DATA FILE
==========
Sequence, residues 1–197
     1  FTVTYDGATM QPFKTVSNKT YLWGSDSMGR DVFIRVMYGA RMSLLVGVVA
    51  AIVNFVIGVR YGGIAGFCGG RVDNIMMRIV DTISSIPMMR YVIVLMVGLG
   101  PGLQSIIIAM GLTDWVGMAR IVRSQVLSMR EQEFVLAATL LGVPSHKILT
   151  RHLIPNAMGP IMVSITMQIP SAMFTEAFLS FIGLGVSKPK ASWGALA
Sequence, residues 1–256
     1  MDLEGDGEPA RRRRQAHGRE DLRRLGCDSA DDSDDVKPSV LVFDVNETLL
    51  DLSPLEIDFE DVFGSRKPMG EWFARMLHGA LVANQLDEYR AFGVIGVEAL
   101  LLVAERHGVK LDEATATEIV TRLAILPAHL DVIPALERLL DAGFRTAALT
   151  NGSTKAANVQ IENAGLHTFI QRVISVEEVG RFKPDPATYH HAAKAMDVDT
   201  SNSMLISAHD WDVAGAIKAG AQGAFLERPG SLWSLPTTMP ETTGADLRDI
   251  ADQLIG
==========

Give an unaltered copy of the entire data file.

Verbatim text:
Sequence, residues 1–197
     1  FTVTYDGATM QPFKTVSNKT YLWGSDSMGR DVFIRVMYGA RMSLLVGVVA
    51  AIVNFVIGVR YGGIAGFCGG RVDNIMMRIV DTISSIPMMR YVIVLMVGLG
   101  PGLQSIIIAM GLTDWVGMAR IVRSQVLSMR EQEFVLAATL LGVPSHKILT
   151  RHLIPNAMGP IMVSITMQIP SAMFTEAFLS FIGLGVSKPK ASWGALA
Sequence, residues 1–256
     1  MDLEGDGEPA RRRRQAHGRE DLRRLGCDSA DDSDDVKPSV LVFDVNETLL
    51  DLSPLEIDFE DVFGSRKPMG EWFARMLHGA LVANQLDEYR AFGVIGVEAL
   101  LLVAERHGVK LDEATATEIV TRLAILPAHL DVIPALERLL DAGFRTAALT
   151  NGSTKAANVQ IENAGLHTFI QRVISVEEVG RFKPDPATYH HAAKAMDVDT
   201  SNSMLISAHD WDVAGAIKAG AQGAFLERPG SLWSLPTTMP ETTGADLRDI
   251  ADQLIG